The Massachusetts Supreme Judicial Court issued an important decision on Massachusetts’s security deposit law earlier this year which clarifies the damages than a tenant can obtain from a security deposit violation.
In Phillips v. Equity Residential Management, LLC, the Supreme Judicial Court held that treble damages are not required for every security deposit violation. Like Massachusetts’s security deposit law itself, Phillips is a complex case.
Overview of Massachusetts’s Security Deposit Law
Massachusetts’s security deposit law heavily regulates a landlord’s acceptance, holding, and return of a tenant’s security deposit. This law is so detailed that I, along with many other landlord/tenant attorneys, warn landlords to never accept a security deposit. This law, among other things, has requirements on where a security deposit must be held, what information must be provided to a tenant about the acceptance of the deposit, and what deductions may be taken from the deposit at the end of the tenancy.
Damages for a Security Deposit Violation
Failure to comply with the security deposit law can come with harsh consequences. The law imposes treble damages, attorney fees, and costs for failure to comply with many of its detailed requirements. In Phillips, the Supreme Judicial Court clarified which security deposit violations permit treble damages against a landlord.
The security deposit law contains a number of “forfeiture” provisions, where a landlord is required to automatically return a deposit. The law also imposes treble damages for a failure to “return to the tenant the security deposit or balance thereof to which the tenant is entitled after deducting therefrom any sums in accordance with the provisions of this section, together with any interest thereon, within thirty days after termination of the tenancy.” Phillips determined whether a tenant gets treble damages for failing to return a portion of the deposit that was otherwise forfeited under the law.
Prior to Phillips, many courts took the position that treble damages applied anytime a landlord violated the security deposit law. Now, the law is clear that for some violations of the law, a tenant is simply entitled to the full return of his deposit, without treble damages.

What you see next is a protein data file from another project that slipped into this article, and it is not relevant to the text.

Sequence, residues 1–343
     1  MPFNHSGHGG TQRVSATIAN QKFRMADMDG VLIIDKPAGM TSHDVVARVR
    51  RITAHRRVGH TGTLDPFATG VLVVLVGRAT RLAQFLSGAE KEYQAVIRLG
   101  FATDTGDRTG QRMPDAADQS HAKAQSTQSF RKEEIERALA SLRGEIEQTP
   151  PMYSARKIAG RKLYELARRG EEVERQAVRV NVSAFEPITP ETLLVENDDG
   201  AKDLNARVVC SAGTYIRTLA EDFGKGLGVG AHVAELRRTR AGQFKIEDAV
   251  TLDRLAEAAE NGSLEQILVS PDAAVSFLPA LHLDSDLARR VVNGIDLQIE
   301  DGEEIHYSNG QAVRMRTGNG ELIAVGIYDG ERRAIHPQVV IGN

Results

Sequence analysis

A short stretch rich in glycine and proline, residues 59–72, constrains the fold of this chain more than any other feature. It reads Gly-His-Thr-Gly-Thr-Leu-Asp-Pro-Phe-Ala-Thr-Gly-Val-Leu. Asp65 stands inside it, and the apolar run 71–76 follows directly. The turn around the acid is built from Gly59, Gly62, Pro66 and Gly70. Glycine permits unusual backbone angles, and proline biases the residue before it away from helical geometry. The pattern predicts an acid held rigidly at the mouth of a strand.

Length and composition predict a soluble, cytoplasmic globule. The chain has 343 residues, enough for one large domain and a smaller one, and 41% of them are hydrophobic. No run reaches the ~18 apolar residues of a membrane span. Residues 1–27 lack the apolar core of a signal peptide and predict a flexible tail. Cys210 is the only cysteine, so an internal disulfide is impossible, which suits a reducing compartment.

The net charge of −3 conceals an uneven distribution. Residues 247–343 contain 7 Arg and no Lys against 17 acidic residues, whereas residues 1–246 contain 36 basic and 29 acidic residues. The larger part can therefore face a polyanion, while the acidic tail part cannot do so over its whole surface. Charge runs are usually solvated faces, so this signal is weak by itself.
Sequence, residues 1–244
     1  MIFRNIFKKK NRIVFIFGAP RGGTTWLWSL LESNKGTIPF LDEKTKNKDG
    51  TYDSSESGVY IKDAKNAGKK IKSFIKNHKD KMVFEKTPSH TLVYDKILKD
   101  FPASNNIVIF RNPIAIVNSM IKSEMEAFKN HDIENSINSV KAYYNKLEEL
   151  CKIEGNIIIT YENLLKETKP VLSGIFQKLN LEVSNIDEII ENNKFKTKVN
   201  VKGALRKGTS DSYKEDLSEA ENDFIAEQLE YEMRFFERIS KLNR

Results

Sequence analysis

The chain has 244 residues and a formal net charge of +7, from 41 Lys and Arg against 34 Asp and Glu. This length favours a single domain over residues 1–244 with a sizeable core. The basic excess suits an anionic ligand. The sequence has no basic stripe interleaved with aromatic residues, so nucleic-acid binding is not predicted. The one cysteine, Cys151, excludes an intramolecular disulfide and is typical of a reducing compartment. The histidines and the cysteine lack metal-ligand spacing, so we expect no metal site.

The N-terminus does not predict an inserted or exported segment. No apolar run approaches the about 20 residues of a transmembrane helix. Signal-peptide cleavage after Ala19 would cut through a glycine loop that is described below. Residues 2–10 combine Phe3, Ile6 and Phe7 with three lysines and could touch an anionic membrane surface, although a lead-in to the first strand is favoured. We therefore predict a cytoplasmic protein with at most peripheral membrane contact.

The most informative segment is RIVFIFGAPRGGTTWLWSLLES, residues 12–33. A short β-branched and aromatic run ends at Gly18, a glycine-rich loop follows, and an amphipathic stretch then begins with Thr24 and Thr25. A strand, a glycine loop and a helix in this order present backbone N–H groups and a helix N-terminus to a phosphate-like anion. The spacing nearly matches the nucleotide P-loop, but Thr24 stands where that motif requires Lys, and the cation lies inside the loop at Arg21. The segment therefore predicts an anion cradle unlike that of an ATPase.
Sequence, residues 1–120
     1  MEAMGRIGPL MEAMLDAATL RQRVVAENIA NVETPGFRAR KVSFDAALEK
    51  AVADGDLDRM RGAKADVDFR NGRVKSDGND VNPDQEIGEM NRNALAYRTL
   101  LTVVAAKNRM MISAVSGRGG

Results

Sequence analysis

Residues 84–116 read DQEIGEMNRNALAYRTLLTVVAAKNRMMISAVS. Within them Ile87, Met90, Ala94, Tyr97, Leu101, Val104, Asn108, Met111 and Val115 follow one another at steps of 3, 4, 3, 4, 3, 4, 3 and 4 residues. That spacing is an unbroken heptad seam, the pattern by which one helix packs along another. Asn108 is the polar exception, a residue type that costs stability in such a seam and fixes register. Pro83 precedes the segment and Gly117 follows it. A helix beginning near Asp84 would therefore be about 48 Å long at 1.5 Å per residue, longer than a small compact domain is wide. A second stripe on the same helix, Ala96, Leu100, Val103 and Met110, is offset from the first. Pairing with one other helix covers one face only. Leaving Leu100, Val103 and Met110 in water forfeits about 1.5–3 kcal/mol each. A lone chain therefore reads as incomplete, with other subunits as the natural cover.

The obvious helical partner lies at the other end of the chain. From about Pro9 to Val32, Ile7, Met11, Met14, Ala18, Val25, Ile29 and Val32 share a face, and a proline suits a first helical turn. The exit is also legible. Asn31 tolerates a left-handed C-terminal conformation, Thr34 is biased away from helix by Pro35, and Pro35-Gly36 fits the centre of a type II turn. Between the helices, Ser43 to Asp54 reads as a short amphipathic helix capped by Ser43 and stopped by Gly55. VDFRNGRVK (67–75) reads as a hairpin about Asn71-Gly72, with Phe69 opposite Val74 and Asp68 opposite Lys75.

While Phillips places limits on the damages one can receive for a security deposit violation, it would be a mistake to under estimate the importance of complying with this law if you are a landlord, and understanding its protections for tenants if your security deposit has been wrongfully withheld.
In my opinion, one of the dire consequences of Phillips is that tenants may not be able to obtain attorney fees for certain security deposit violations. They may be able to get their full deposit back, but nothing for the expenses of hiring an attorney to assist with the case, making it cost prohibitive to hire a lawyer for such a matter: the reason why the harsh penalties of this law exist in the first place.
However, there is an often unknown law that may provide help in such a scenario. G.L. c. 186, § 20 provides that, if there is a written lease agreement allowing the landlord to get attorney fees against a tenant, the tenant is also allowed attorney fees against a landlord for any violation of the lease agreement. This law suggests that a tenant may be able to obtain attorney fees for security deposit violations that are not within the scope of treble damages, attorney fees, and costs, per Phillips.
If you find yourself involved with a security deposit violation, contact me for a consultation. An experienced attorney is essential in one of these tricky matters.